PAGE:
Japanese leader visits hated war shrine

Toyko, Japan - Prime Minister Junichiro Koizumi made a pilgrimage Tuesday to a Tokyo war shrine reviled by critics as a symbol of militarism, triggering a further erosion in Japan's ties with its neighbors just a month before he leaves office.

The house and office of a lawmaker critical of Junichiro Koizumi's visit to a war shrine burned down Tuesday, police said. The fire broke out Tuesday afternoon at the home and office of Koichi Kato in Yamagata prefecture, in northern Japan, destroying the buildings, according to local police official Koji Suzuki.

An unidentified man was found collapsed on the premises with wounds to his abdomen, and was rushed to a hospital, Suzuki said. There were no other injuries.

Police suspect arson, Kyodo News agency and TV Asahi reported. Suzuki said police were investigating how the fire broke out and that arson "could not be ruled out."

It wasn't immediately clear whether the wounded man was suspected of setting the fire. Kato was in Tokyo when the fire broke out, but immediately returned home, according to news reports.

Kato, a veteran lawmaker of the ruling Liberal Democratic Party, is known for his criticism of Koizumi's visits to Yasukuni Shrine, which honors convicted war criminals among Japan's war dead.

Koizumi worshipped at the shrine early Tuesday — the anniversary of Japan's World War II defeat — drawing praise from some war veterans and rightists who believe Japanese leaders should have the right to honor the war dead as they please.

But the early-morning pilgrimage prompted protests in China and South Korea, which suffered heavily under Japanese occupation. The countries view the shrine, which honors war criminals among Japan's 2.5 million war dead, as a glorification of imperialism.

Kato had made numerous TV appearances Tuesday saying Koizumi should not have visited the shrine just to satisfy his own beliefs. Koizumi says he goes to Yasukuni to pray for peace and honor fallen soldiers.

The impact of the visit to Yasukuni Shrine, Koizumi's sixth as prime minister, was heightened by its timing on Aug. 15, a date viewed with sadness in Japan as the anniversary of its World War II surrender, but celebrated as a day of liberation from Japanese colonial rule elsewhere in Asia.

South Korean President Roh Moo-hyun called on Japan to "prove it has no intention to repeat" its past aggression as his government summoned the Japanese ambassador to issue an official protest.

In Beijing, flag-waving protesters gathered outside the Japanese Embassy, as Chinese Foreign Minister Li Zhaoxing condemned Koizumi for "obstinately" visiting the shrine. He also summoned Japan's ambassador to issue a protest.

Koizumi defended the Yasukuni visit — his first as prime minister on Aug. 15 — by saying that he goes there to pray for peace and to honor fallen soldiers, not to glorify militarism.

He also accused China and South Korea of using the issue to pressure Japan. Both countries have refused to hold summits with Koizumi unless he stops the pilgrimages.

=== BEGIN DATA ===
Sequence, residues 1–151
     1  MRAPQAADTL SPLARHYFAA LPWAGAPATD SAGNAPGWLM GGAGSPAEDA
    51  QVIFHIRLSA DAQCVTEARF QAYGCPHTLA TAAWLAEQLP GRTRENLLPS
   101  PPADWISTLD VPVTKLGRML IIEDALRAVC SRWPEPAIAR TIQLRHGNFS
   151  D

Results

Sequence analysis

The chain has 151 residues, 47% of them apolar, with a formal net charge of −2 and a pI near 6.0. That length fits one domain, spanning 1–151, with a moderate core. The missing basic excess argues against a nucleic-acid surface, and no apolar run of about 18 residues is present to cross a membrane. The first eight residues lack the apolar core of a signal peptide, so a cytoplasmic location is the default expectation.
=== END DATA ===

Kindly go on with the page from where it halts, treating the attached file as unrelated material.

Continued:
"I have told them that my visits to the shrine should not be used as a diplomatic card," Koizumi said. "I have expressed my view that making the decision over whether or not to hold summit meetings based on whether I visit the shrine is not a good thing."

The shrine visits have been a lightning rod for critics who accuse Japan of failing to fully atone for its military invasions of its neighbors in the 1930s and 40s. The shrine played a leading role in whipping up war fever in the first half of the 20th century.

Tuesday's visit came a little more than a month before Koizumi is scheduled to step down as prime minister, leaving his successor with Tokyo's relations with its neighbors at their lowest in decades.

"China and South Korea naturally issued strong protests, and they could even recall ambassadors," said Yoshinori Murai, an expert on Southeast Asia at Tokyo's Sophia University. "I think this will leave serious problems behind."

Japanese public opinion is split over the visits. While many feel Japanese leaders should have the right to honor the war dead, others fear alienating Japan's neighbors. A slew of lawsuits argue that the visits violate the division between the state and religion.

Both Takenori Kanzaki, the leader of Koizumi's junior coalition partner, the New Komei Party, and Finance Minister Sadakazu Tanigaki criticized the pilgrimage. Other critics were the opposition Democratic Party of Japan, a Buddhist organization and a group of relatives of war dead.

Supporters, however, said the visits are justified. War veterans and ultra-rightists thronged the shrine Tuesday, some carrying banners with slogans such as, "The Greater East Asia War was not a war of aggression."

The shrine is also working to win more support from the young, many of whom are tired of bearing the war guilt of their elders. Yu Ushiyama, 19, said foreign critics were just using the visits to browbeat Japan.

"We owe our lives to those who are honored here," he said at the shrine on Tuesday. "Even without the Yasukuni issue, China and South Korea would criticize Japan because of other issues."